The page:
Your kitchen is often the heart of the home, and probably one of its most-used spaces. Still, this amount of use, along the sensitive activities that go on inside, make the kitchen one of the most vulnerable areas within the home, too.
Anyone who cooks understands that cooking is dangerous, and one of the risks it poses to the homeowner is the risk of a house fire. The National Fire Protection Association (NFPA) estimates that over 166,100 kitchen fires occurred in the U.S. between 2010 and 2014. These fires resulted in over 400 deaths and $1.1 billion in property damages. That’s why anyone who cooks should protect their kitchens from fire risks. Practical fire safety steps will ultimately reduce your overall liability as a homeowner.
Home Insurance Coverage for Kitchen Fires
House fires are usually unpreventable, unplanned and unavoidable. That’s why homeowners insurance policies usually cover the damage and losses that fires might cause. Still, even though fires are covered perils in general, that does not mean that every fire will qualify for a claim.
Home insurers cover household damage based on the principle of unpreventable, unplanned, unavoidable. They do not cover fires that could have been reasonably prevented. Therefore, just because you have a house fire, that doesn’t mean you have a promise of your home insurance covering the damage. If a fire resulted from a clear case of neglect or misconduct in your kitchen, then your policy might not agree to cover your losses.
Therefore, by neglecting or misusing your kitchen, you are putting yourself at a much higher risk of house fires, and at a similarly high risk of having no help from your insurance policy because of it. It is always best to do all you can to minimize kitchen fire risks as best as you possibly can.
Preventing Kitchen Fires with Proper Care
No kitchen is fireproof, but there are numerous simple, practical ways to practice fire safety in the space. Many of these tasks are second nature to most cooks, and the more conscious you remain of them when cooking, the better you can prevent the risk of a fire ever occurring.
- Using too many appliances at once could overload your home’s electrical system. Only use items in your kitchen that fit the home’s outlet and electrical code requirements.
- If you already have malfunctioning electrical systems, then any appliance use could be too much of a burden on these items, and hence a fire risk. Repair these systems as soon as you notice problems.
- Likewise, never use a malfunctioning appliance until you can have it repaired. When trying to make repairs, shut off and unplug the item completely.
- Every appliance has an intended use, and they also have to be used according to the rules of the user’s manual. If you use an appliance in any way other than its intended use, then you are creating a substantial fire risk for yourself.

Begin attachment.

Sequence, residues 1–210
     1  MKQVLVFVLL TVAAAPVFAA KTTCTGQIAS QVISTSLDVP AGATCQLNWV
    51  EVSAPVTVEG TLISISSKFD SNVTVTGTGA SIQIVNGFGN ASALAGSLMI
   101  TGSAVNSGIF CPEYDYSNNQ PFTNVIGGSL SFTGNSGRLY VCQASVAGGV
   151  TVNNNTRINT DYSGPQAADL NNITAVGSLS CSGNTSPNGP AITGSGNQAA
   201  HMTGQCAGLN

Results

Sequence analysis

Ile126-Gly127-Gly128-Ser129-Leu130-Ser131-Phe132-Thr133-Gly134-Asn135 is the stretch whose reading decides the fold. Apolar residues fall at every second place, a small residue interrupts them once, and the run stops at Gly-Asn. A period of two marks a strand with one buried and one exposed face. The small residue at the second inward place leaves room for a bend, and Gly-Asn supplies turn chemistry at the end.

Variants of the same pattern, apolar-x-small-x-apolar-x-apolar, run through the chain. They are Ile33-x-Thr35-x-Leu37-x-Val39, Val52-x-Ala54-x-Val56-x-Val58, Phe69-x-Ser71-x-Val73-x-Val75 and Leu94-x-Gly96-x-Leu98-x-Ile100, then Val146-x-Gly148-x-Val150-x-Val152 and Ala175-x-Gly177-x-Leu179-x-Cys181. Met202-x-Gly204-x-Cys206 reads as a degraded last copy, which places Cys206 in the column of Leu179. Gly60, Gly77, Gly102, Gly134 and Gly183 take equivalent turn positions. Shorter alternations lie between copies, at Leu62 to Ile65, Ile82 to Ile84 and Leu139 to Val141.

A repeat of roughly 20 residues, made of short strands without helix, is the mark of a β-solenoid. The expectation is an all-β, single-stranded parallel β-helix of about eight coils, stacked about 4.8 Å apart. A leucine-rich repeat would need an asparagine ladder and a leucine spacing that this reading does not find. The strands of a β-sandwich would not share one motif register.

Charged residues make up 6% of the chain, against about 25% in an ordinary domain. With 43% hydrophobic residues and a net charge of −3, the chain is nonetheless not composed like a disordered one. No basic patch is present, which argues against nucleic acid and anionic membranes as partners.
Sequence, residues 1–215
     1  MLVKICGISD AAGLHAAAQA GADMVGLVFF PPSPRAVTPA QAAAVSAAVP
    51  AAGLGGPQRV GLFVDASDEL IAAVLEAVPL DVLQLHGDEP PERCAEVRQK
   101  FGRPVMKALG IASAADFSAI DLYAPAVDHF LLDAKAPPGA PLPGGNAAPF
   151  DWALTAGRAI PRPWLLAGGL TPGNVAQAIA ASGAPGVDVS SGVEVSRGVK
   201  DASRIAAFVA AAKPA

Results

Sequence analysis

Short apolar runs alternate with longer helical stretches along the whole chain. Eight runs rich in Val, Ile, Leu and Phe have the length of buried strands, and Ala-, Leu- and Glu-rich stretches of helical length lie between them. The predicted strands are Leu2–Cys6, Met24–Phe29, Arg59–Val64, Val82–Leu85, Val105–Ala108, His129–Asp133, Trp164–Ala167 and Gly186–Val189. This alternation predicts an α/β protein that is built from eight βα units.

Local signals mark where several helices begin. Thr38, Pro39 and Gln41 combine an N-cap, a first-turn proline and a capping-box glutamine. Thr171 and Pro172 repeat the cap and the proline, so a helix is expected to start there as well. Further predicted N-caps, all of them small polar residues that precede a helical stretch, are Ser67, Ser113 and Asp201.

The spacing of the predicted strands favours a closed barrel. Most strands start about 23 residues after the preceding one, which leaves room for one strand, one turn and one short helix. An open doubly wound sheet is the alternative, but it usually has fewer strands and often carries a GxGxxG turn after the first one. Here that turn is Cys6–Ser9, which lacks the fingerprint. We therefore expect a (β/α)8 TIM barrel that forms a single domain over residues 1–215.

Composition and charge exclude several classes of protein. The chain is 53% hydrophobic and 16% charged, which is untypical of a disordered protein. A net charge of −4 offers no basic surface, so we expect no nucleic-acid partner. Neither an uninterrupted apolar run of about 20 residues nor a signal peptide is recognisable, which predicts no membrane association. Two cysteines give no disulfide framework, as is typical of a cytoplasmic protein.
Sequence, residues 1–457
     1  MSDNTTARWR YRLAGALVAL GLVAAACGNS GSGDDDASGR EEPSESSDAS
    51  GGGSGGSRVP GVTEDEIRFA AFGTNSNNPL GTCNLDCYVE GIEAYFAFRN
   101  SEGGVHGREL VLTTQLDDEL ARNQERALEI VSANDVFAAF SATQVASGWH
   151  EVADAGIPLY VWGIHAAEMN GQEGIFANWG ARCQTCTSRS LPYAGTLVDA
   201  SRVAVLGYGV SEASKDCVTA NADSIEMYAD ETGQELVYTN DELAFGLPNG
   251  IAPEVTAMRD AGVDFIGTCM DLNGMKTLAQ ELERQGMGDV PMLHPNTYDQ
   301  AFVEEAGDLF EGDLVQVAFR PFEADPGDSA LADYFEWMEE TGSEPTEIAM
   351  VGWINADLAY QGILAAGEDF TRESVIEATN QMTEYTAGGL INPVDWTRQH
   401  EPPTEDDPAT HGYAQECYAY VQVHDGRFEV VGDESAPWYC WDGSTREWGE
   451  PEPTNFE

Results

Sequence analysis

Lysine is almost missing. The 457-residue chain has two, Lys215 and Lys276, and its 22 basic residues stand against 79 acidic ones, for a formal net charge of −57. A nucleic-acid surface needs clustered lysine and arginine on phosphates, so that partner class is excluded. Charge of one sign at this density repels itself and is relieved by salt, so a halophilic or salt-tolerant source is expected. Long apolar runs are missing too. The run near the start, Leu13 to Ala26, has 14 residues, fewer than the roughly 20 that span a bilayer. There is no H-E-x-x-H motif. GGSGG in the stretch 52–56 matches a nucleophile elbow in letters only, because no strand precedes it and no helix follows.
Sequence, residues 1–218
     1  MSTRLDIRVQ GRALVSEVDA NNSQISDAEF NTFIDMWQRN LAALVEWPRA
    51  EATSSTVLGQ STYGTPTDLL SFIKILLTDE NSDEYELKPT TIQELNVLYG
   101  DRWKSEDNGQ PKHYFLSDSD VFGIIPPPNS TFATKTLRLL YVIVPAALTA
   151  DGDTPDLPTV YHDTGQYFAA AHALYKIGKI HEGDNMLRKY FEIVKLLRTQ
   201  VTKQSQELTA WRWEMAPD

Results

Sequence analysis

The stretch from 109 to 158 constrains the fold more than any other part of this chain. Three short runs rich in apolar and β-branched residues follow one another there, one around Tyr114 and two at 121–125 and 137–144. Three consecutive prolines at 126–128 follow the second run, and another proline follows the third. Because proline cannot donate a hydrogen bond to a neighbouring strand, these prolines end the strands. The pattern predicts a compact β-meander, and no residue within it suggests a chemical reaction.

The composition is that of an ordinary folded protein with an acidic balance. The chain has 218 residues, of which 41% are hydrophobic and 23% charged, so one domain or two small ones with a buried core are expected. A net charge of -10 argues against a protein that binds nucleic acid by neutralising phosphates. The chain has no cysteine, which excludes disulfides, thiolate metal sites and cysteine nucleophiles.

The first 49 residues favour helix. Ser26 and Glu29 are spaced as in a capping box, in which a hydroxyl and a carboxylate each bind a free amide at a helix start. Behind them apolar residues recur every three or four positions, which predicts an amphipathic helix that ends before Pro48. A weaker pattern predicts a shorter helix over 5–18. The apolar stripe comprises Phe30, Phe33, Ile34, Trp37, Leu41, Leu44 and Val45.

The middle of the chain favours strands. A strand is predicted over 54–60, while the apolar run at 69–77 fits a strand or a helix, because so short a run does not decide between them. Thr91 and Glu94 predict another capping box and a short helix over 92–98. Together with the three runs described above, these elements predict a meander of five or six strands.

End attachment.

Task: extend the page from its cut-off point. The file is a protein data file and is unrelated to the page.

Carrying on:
- If you have a gas system in the kitchen, then keep it in good working order. Make sure that you only use the appropriate gas in the system, keep an eye out for leaks, and never leave the gas running when you are not cooking. Follow the proper steps to both light and extinguish gas flames.
- There might be numerous open flames present in any kitchen. These include gas stoves, broilers, pilot lights, candles and more. Never place rags or other flammable items near these items while they are lit. Extinguish the flame when you leave the room.
- Remember that electric ranges pose fire risks too. The amount of heat contained in the coils can easily cause flammable items to ignite.
- Don’t let someone who isn’t familiar with your kitchen use your appliances without your supervision.
- Never leave your kitchen unattended when you are cooking. Fires can easily spring from unattended oil, hot food or equipment. Make sure pots and pans don’t overflow, and that food does not burn. Burning food can easily spread fire to a flammable surface.
- Regularly clean the kitchen. Keeping a clean stovetop and countertops will help prevent the accumulation of flammable debris in the kitchen. Therefore, you will be depriving a fire of the kindling it might need to get started.
- Keep potentially flammable items away from sources of heat. Store matches, lighters and other flame sources in safe areas.
- Only use indoor-approved items in your kitchen. Don’t try to use outdoor grills, propane tanks or other items inside the home.
- Keep a fire suppressant system in your kitchen. These may include fire extinguishers, fire alarms or even a sprinkler system. or home sprinkler systems. Consider buying appliances that come with built-in suppressant systems.
Some kitchens include professional-grade equipment and very expensive materials. Make sure your home insurance can adequately protect the costs of all items in your kitchen. You might have to increase coverage or add riders to your policy in order to be able to fully insure yourself in this space.
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